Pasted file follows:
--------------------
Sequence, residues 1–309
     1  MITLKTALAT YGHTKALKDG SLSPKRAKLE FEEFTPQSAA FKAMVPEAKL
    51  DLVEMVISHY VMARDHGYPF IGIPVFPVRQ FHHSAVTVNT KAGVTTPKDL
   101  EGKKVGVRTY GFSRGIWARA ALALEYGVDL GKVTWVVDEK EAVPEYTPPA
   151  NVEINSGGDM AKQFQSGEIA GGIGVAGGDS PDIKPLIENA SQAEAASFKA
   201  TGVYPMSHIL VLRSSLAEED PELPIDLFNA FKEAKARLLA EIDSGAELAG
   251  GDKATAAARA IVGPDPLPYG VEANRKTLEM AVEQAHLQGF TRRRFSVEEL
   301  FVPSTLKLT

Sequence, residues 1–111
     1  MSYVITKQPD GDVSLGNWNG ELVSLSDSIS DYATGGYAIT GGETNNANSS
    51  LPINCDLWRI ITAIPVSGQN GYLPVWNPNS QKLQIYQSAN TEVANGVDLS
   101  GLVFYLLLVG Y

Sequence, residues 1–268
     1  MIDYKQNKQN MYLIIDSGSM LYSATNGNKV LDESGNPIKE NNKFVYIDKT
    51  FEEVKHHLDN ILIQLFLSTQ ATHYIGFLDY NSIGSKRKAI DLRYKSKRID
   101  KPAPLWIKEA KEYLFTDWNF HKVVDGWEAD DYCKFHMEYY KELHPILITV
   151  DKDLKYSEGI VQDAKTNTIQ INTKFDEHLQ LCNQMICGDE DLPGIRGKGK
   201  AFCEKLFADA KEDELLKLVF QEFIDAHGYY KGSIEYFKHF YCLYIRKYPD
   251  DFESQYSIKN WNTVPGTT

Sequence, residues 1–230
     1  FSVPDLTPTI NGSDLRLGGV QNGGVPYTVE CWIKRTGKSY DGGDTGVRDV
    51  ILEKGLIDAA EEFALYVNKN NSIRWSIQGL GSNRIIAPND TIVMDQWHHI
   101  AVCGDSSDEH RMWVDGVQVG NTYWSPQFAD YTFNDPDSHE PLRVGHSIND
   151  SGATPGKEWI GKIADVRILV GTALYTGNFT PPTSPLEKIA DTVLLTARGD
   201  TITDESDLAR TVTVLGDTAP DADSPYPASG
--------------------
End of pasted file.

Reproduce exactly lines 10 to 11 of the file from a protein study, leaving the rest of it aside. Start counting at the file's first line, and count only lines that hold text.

     1  MSYVITKQPD GDVSLGNWNG ELVSLSDSIS DYATGGYAIT GGETNNANSS
    51  LPINCDLWRI ITAIPVSGQN GYLPVWNPNS QKLQIYQSAN TEVANGVDLS